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A big part of my C++ application uses classes to describe the data model, e.g. something like ClassType (which actually emulates reflection in plain C++).

I want to add a new module to my application and it needs to make use of these ClassType's, but I prefer not to introduce dependencies from my new module on ClassType.

So far I have the following alternatives:

  • Not making it independent and introduce a dependency on ClassType, with the risk of creating more 'spaghetti'-dependencies in my application (this is my least-preferred solution)
  • Introduce a new class, e.g. IType, and letting my module only depend on IType. ClassType should then inherit from IType.
  • Use strings as identification method, and forcing the users of the new module to convert the ClassType to a string or vice versa where needed.
  • Use GUID's (or even simple integers) as identification, also requiring conversions between GUID's and ClassType's

How far should you try to go when decoupling modules in an application?

  • just introduce an interface and let all the other modules rely on the interface? (like in IType describe above)
  • even decouple it further by using other identifications like strings or GUID's?

I afraid that by decoupling it too far, the code becomes more unstable and more difficult to debug. I've seen one such example in Qt: signals and slots are linked using strings and if you make a typing mistake, the functionality doesn't work, but it still compiles.

How far should you keep your modules decoupled?

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3 Answers 3

up vote 1 down vote accepted

I'll steer away from thinkng about your reflection, and just look at the dependency ideas.

Decouple what it's reasonable to decouple. Coupling implies that if one thing changes so must another. So your NewCode is using ClassType, if some aspects of it change then yuou surely must change NewCode - it can't be completely decoupled. Which of the following do you want to decouple from?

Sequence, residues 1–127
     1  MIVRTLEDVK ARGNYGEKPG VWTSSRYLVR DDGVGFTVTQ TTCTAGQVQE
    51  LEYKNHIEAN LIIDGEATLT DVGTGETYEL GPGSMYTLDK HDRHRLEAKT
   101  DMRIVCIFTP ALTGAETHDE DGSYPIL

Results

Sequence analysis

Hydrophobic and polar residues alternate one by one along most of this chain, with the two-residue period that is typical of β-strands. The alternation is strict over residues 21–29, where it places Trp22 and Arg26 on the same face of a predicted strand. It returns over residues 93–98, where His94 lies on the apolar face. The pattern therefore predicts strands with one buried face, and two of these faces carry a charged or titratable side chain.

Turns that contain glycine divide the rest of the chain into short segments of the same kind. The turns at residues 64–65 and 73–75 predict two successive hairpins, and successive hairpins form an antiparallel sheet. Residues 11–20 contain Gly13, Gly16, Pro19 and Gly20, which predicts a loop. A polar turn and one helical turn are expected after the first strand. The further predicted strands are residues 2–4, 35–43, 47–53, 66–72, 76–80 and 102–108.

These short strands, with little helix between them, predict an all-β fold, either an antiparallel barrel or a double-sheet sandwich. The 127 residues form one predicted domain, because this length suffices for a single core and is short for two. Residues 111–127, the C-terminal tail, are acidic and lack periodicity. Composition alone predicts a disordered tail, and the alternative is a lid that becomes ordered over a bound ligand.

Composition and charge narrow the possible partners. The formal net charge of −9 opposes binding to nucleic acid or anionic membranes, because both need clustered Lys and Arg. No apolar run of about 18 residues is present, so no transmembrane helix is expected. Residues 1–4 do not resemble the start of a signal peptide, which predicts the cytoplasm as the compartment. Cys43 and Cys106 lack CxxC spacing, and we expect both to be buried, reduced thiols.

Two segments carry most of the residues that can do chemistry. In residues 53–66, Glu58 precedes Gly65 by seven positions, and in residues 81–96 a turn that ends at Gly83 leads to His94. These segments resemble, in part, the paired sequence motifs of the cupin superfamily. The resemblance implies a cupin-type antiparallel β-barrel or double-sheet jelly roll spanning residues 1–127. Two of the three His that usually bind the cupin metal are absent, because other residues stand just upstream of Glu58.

1. Semantics, what ClassType does.
  2. Interface, how you call it.
  3. Implementation, how it's implemented.

To my eyes the first two are reasonable coupling. But surely an implementation change should not require NewCode to change. So code to Interfaces. We try to keep Interfaces fixed, we tend to extend them rather than change them, keeping them back-compatible if at all possible. Sometimes we use name/value pairs to try to make the interface extensible, and then hit the typo kind of errors you allude to. It's a trade-off between flexibility and "type-safety".

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99% of the time, if your design is based on reflection, then you have major issues with the design.

Generally speaking, something like

if (x is myclass)
elseif (x is anotherclass)

is a poor design because it neglects polymorphism. If you're doing this, then the item x is in violation of the Liskov Substitution Principle.

Also, given that C++ already has RTTI, I don't see why you'd reinvent the wheel. That's what typeof and dynamic_cast are for.

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Wholly agreed. Reinventing RTTI nearly always betrays a fundamental lack of understanding of C++ OOP. –  Reinderien Sep 23 '10 at 17:32
I have good reasons to use a reflection-based design because my application is somewhat special. Using a configuration file, the users may extend the datamodel with additional types and properties. This is impossible to achieve without a reflection-based design, and also C++'s RTTI doesn't help here. If it wouldn't be for this flexibility, I would completely agree with you. Unfortunately in this case, I can't. –  Patrick Sep 23 '10 at 18:50
@Patrick: If the types you are working with are dynamic, you won't be able to implement your type system in terms of C++ types anyway. Youd be better off with a type UserType which can contain sub UserTypes, which the user can then extend. –  Billy ONeal Sep 23 '10 at 19:22

It's a philosophical question; it depends on the type of module, and the trade-offs. I think I have personally done all of them at various times, except for the GUID to type mapping, which doesn't have any advantages over the string to type mapping in my opinion, and at least strings are readable.

I would say you need to look at what level of decoupling is required for the particular module, given the expected external usage and code organization, and go from there. You've hit all the conceptual methods as far as I know, and they are each useful in particular situations.

That's my opinion, anyway.

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